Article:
The number of teams that each association enters into the AFC Champions League is determined annually through criteria as set by the AFC Competitions Committee.[18] The criteria, which is a modified version of the UEFA coefficient, measures such thing as marketability and stadia to determine the specific number of berths that an association receives. The higher an association's ranking as determined by the criteria, the more teams represent the association in the Champions League, and the fewer qualification rounds the association's teams must compete in.

Tournament Edit

The tournament proper begins with a group stage of 40 teams, divided into ten groups. Seeding is used whilst making the draw for this stage, with teams from the same country not being drawn into groups together. The group stage is divided into two zones; the first zone is the five East Asian groups and the other zone is the five West Asian groups. Each team meets the others in its group home and away in a round-robin format. The winning team from each group (five in each zone) and the six best runners-up (three from each zone) then progress to the next round.

For this stage, three group winners plays against the three best runners-up from another group from their zone of the group stage while the other two group winners from each zone play against each other. The tournament uses the away goals rule: if the aggregate score of the two games is tied after 180 minutes, then the team who scored more goals at their opponent's stadium advances. If still tied the clubs play extra time, where the away goals rule is no longer applied. If still tied after extra time, the tie shall be decided by a penalty shootout. Winners of each tie advance to the next round, with the East and West zones continue to be kept part until the final.[18]

The group stage and round of 16 matches are played through the first half of the year (February–May), whilst the knock-out stage thereafter is played during the second half of the year (August–November). The knock-out ties are played in a two-legged format, including the final.

Allocation Edit

Teams from 24 AFC countries have reached the group stage of the AFC Champions League. The allocation of teams by member countries is listed below; asterisks represent occasions where at least one team was eliminated in qualification prior to the group stage. 32 AFC countries have had teams participate in qualification, and countries that have never had teams reach the group stage are not shown.

Associations Entrants
2002–03 2004 2005 2006 2007 2008 2009 2010 2011 2012 2013 2014 2015 2016 2017 2018 2019 2020 2021 2022 2023–24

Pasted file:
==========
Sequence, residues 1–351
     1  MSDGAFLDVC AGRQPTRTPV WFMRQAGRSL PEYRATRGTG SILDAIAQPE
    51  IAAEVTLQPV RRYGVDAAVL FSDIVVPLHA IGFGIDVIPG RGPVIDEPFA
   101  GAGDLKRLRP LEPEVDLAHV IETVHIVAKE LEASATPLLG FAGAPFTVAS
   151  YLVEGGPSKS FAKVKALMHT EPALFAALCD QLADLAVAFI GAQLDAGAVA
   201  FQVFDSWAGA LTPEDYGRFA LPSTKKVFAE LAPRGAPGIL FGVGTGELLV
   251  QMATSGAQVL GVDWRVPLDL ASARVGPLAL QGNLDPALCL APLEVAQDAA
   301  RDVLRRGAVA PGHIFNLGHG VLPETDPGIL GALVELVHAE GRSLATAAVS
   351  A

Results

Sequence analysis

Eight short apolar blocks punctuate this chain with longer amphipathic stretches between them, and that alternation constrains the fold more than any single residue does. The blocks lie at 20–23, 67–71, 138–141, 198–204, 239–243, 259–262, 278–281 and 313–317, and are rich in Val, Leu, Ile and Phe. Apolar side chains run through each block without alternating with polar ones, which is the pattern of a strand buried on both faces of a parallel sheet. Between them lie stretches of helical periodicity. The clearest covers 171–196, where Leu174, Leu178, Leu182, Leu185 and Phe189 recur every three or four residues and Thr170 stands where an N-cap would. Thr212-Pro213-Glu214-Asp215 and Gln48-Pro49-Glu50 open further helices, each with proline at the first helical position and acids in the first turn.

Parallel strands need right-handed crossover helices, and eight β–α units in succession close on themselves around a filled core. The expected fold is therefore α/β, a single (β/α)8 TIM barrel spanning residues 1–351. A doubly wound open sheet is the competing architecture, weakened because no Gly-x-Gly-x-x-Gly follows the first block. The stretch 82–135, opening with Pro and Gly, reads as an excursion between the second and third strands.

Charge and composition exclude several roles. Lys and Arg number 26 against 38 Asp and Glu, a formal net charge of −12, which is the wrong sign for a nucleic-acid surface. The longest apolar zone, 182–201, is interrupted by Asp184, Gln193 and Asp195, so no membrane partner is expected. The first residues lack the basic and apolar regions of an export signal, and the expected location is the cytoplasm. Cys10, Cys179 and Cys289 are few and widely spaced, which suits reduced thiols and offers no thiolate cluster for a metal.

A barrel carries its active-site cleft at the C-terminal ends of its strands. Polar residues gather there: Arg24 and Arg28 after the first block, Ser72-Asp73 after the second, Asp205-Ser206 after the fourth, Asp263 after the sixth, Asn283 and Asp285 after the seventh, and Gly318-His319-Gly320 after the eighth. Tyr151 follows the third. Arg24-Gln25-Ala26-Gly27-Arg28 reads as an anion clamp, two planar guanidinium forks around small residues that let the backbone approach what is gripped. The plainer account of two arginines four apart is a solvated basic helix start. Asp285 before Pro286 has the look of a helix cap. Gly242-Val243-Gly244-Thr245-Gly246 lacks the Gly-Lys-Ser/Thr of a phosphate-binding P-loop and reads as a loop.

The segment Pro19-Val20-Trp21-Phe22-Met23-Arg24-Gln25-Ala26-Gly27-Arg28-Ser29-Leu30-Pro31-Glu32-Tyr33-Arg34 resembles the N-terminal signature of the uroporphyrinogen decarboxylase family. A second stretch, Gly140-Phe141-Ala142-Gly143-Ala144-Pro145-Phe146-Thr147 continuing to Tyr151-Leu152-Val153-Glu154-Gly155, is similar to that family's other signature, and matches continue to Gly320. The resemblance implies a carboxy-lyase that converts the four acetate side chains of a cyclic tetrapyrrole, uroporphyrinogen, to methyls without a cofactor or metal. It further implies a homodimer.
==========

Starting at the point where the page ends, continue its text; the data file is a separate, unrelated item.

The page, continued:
East Asia
  Australia Part of OFC 2 2 2 2 2 3 1* 3 2* 2* 3 2* 2* 3 0 2* 1
  China PR 2 2 2 2 2 2 4 4 4 3 4 4 4 4 3* 4 4 4 2* 2 3*
  Hong Kong 0* 0 0 0 0 0 0 0 0 0 0 0* 0* 0* 1* 1* 0* 0* 1 1 1*
  Indonesia 0* 2 2 0 2 0 1* 1* 1* 0* 0 0 0* 0 0 0* 0* 0* 0 0 0
  Japan 2 2 2 2 2 3 4 4 4 4 4 4 4 4 4 4 4 3* 4 4 4
  South Korea 2 2 2 2 3 2 4 4 4 4 4 4 4 4 4 4 4 4 4 4 4
  Malaysia 0 0 0 0 0 0 0 0 0 0 0 0 0* 0* 0* 0* 1* 1* 1 1 1
  Philippines 0 0 0 0 0 0 0 0 0 0 0 0 0 0 0* 0* 0* 0* 2 1* 1
  Singapore 0* 0 0 0 0 0 1 1 0 0 0 0* 0* 0* 0* 0* 0* 0* 1 1 1
  Thailand 2 2 2 0 1 2 0* 0* 0* 1* 2 1* 1* 1* 1* 1* 1* 1* 4 2* 3*
  Vietnam 0* 2 2 2 1 2 0 0* 0 0 0 0* 1* 1* 0* 0* 0* 0* 1 1 1*
Total 8 12 12 8 13 13 16 16 15 15 15 16 16 16 16 16 16 16 20 19 20
West Asia
  Bahrain 0* 2 0 0 0 0 0 0 0 0 0 0* 0* 0 0 0* 0 0* 0* 0 0
  India 0* 0 0 0 0 0 0* 0* 0* 0 0 0* 0* 0* 0* 0* 0* 0* 1 1 1
  Iran 2 2 2 2 1 2 4 4 4 3* 3* 4 4 3* 4 4 3* 4 4 2 3*
  Iraq 1* 2 2 2 2 2 0 0 0 0 0 0* 0 0 0 0 1* 1* 2* 1* 1
  Jordan 0* 0 0 0 0 0 0 0 0 0 0 0* 0* 0* 0* 0* 0* 0* 1 1 1*
  Kuwait 0* 1 2 2 2 2 0 0 0 0 0 0* 0* 0 0 0 0* 0* 0* 0 0
  Qatar 1* 2 2 2 2 2 2 2 3 4 4 4 2* 2* 2* 4 3* 2* 3* 4 2*
  Saudi Arabia 1* 2 3 3 2 2 4 4 4 3* 4 4 4 4 4 2 4 4 3* 4 4
  Syria 0* 0 2 2 2 2 0 0* 0* 0 0 0 0 0 0 0 0 0 0 0* 0
  Tajikistan 0 0 0 0 0 0 0 0 0 0 0 0 0 0 0 0 0* 0* 1 1 1
  Turkmenistan 1* 0 0 0 0 0 0 0 0 0 0 0 0 0 0 0 0 0 0 1 1
  United Arab Emirates 1* 3 2 2 2 2 4 4 4 4 4 3* 2* 3* 4 4 3* 4 3* 3* 2*
  Uzbekistan 1* 2 2 2 2 2 2 2 2 3* 2* 1* 4 4 2* 2* 2* 1* 2 2 4
Total 8 14 17 17 15 16 16 16 17 17 17 16 16 16 16 16 16 16 20 20 20
Total
Finals 16 26 29 25 28 29 32 32 32 32 32 32 32 32 32 32 32 32 40 39 40
Qualifying 53 26 29 25 28 29 35 37 36 37 35 47 49 45 47 46 51 52 45 46 53

Prize money Edit

 
Tournament's trophy since 2009, following the logo redesign.

The prize money for the 2021 AFC Champions League:[19]

Phase Purse
(USD)
Travel Subsidy
(USD per match)
Preliminary stage N/A $30,000
Playoff stage N/A $30,000
Group stages Win: $50,000
Draw: $10,000
$45,000
Round of 16 $100,000 $45,000
Quarter-finals $150,000 $45,000
Semi-finals $250,000 $45,000
Final Champions: $4,000,000
Runners-up: $2,000,000
$90,000

Marketing Edit

Sponsorship Edit

Like the FIFA World Cup, the AFC Champions League is sponsored by a group of multinational corporations, in contrast to the single main sponsor typically found in national top-flight leagues.

The tournament's current main sponsors are:

Video game Edit